I mentor dozens of entrepreneurs every year. While I spend hours with each of them, they can really get the only universally useful piece of advice I have in a few seconds. It applies to everyone, business owner or not.
“Write down on a scrap of paper ‘your why’. Not what you do, but why it matters to you.
Over your lifetime, you will receive advice and opportunities from friends, customers, mentors, investors, partners, employees, board members, authors, suppliers, family, and so many more. Most of that will be for ‘their why,’ not ‘your why.’ Listen, ask questions, learn, and then look at that scrap of paper. Does it fit ‘your why?’ If so, congrats. If not, throw the opportunity (politely) away.
It’s ‘YOUR why.’ You are allowed to question ‘your why’ and to change ‘your why’ whenever you want, but no one else is allowed to do that.”
Like most advice givers, I’m not great (or even OK) at following my own advice. So, when I pulled out my decade-old scrap of paper, I was pleased to discover that I’d stayed true to my ‘why did I start Early Charm:’
I believe that most scientific discoveries can lead directly to new products and services that will improve human life. Most of these discoveries sit on a shelf because of the false belief in a Valley of Death that must be crossed using venture capital. The Valley of Death is a myth and venture capital is a distraction. Early Charm will take a radically different approach to commercializing scientific discoveries. By creating, owning, and operating businesses that are centered around those discoveries that are not interesting to venture capital, we will provide a greater benefit to people.
Over the years, I’d turned down many opportunities to stray from ‘my why.’ The few times I strayed all ended badly. Those are funny (now) stories for a future blog.
Reviewing that scrap of paper made me realize that while I stayed true to ‘my why,’ I had not challenged whether that why was still true. So, I took an existential journey into ‘my why.’ I discovered that success makes loving ‘my why’ much easier. But I also discovered that I left something out of ‘my why’ a decade ago because I didn’t know better.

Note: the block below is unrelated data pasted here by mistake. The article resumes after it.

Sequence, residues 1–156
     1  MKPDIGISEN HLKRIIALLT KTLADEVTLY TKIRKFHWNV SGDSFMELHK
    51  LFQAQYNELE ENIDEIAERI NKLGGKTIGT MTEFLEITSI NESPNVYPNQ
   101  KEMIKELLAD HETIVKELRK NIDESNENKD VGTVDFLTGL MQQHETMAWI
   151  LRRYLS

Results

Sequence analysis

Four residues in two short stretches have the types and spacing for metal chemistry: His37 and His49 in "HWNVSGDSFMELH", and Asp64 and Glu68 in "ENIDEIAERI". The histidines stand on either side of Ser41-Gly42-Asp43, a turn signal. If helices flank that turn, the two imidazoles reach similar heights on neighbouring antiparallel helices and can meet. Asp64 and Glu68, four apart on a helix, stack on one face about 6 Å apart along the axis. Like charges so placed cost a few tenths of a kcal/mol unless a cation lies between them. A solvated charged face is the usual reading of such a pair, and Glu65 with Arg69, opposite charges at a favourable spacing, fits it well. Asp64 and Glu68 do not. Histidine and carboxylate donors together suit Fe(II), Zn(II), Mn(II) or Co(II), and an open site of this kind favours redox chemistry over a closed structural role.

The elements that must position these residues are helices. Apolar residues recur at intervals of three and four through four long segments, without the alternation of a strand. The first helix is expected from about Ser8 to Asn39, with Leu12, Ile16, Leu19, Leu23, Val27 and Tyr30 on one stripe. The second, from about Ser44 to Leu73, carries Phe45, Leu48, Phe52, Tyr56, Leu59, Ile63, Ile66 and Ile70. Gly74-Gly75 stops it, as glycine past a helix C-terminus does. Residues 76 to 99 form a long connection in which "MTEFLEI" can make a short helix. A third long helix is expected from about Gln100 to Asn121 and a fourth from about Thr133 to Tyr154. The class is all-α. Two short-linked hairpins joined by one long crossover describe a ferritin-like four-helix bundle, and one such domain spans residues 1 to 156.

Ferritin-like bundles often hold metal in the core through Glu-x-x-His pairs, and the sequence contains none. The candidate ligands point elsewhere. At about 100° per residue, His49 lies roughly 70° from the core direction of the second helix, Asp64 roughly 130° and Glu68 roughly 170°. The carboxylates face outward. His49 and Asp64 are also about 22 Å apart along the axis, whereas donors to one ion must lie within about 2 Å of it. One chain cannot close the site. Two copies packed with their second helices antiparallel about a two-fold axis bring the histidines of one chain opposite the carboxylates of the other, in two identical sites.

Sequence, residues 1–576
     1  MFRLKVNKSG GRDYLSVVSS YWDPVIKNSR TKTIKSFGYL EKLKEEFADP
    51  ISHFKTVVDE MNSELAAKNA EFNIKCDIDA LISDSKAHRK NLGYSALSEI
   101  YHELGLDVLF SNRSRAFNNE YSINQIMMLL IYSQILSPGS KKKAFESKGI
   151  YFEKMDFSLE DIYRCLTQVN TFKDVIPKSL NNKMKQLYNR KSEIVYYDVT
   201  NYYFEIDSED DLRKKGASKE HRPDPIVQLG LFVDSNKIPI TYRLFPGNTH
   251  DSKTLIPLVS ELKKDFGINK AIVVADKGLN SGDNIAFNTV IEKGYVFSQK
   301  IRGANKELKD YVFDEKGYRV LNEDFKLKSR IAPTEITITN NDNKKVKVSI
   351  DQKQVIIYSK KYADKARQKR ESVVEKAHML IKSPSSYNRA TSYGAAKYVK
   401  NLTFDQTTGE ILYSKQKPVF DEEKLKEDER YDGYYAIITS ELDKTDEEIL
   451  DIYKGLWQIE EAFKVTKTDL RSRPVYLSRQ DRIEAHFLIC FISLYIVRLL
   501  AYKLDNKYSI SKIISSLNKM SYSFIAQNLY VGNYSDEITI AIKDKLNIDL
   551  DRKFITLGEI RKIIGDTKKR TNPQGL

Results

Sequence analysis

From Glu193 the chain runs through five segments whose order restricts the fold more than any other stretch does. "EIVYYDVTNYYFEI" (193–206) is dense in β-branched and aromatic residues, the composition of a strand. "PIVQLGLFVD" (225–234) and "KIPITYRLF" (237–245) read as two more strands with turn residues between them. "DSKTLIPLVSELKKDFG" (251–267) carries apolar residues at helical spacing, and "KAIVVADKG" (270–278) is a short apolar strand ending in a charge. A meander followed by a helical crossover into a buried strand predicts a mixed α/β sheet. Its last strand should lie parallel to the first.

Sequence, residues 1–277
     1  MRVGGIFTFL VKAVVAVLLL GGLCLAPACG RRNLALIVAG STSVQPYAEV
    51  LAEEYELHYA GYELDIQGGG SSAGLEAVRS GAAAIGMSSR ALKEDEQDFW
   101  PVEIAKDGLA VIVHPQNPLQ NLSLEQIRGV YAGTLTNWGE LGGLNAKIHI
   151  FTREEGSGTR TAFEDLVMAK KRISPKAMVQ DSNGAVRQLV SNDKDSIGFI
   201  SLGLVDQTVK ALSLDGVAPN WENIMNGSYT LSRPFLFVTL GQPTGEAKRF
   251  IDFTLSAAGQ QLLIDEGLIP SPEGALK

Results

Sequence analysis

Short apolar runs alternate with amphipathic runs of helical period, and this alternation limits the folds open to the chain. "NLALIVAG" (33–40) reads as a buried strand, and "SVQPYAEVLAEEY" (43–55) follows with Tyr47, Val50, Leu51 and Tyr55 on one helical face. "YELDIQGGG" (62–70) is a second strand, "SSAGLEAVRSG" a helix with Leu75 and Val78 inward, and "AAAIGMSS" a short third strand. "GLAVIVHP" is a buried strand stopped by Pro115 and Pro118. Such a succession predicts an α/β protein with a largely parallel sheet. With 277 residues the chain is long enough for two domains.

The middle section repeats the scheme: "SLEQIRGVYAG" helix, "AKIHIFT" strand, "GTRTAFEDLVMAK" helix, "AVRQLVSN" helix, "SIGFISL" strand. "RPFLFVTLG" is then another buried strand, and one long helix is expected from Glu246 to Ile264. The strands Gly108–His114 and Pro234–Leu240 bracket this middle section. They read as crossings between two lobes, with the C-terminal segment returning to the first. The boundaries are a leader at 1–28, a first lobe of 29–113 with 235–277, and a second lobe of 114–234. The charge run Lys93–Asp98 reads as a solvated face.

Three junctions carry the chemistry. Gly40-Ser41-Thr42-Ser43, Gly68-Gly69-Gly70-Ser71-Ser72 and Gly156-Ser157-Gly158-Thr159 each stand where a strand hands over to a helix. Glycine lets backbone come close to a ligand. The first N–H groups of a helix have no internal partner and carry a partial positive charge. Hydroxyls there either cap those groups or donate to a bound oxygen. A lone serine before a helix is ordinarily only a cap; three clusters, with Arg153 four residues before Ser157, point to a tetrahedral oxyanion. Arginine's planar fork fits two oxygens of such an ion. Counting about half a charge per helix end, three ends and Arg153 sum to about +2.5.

It was a mistake to leave it out, but it’ll take a little origin story to explain.
We made a very intentional decision to move to Baltimore a decade ago. It was an all-in decision that it was the right place not just for our business, but for our family. The culture, diversity, grit, and, yes, charm of Baltimore was ‘our why’ for coming here.
However, my time in economic development taught me that left to its own, the growth of cities like Baltimore occurs through gentrification. Gentrification’s wealth divide crushes culture, diversity, grit, and charm. I have no intention of letting that happen – so ‘my why’ for Early Charm also includes driving equitable growth in Baltimore.
I recently tried to rewrite ‘my why’ into a single statement, but quickly discovered that I had to use all sorts of academic jargon like Schumpeter’s “creative destruction,” Porter’s “power leads to profit,” and Drucker’s “entrepreneurial opportunities” to explain it.
So, for pragmatic purposes, I provide two equally important ‘whys:’
- To forge a radically new commercial path for the majority of scientific discoveries, that avoids the Valley of Death and the need for venture capital.
- To drive equitable growth in Baltimore.
I think of them as one, but I welcome working with all who care about either.
Perhaps next month, Kelli (my co-founder and wife) can add ‘her why.’ It is different than mine but, like all good partnerships, complementary.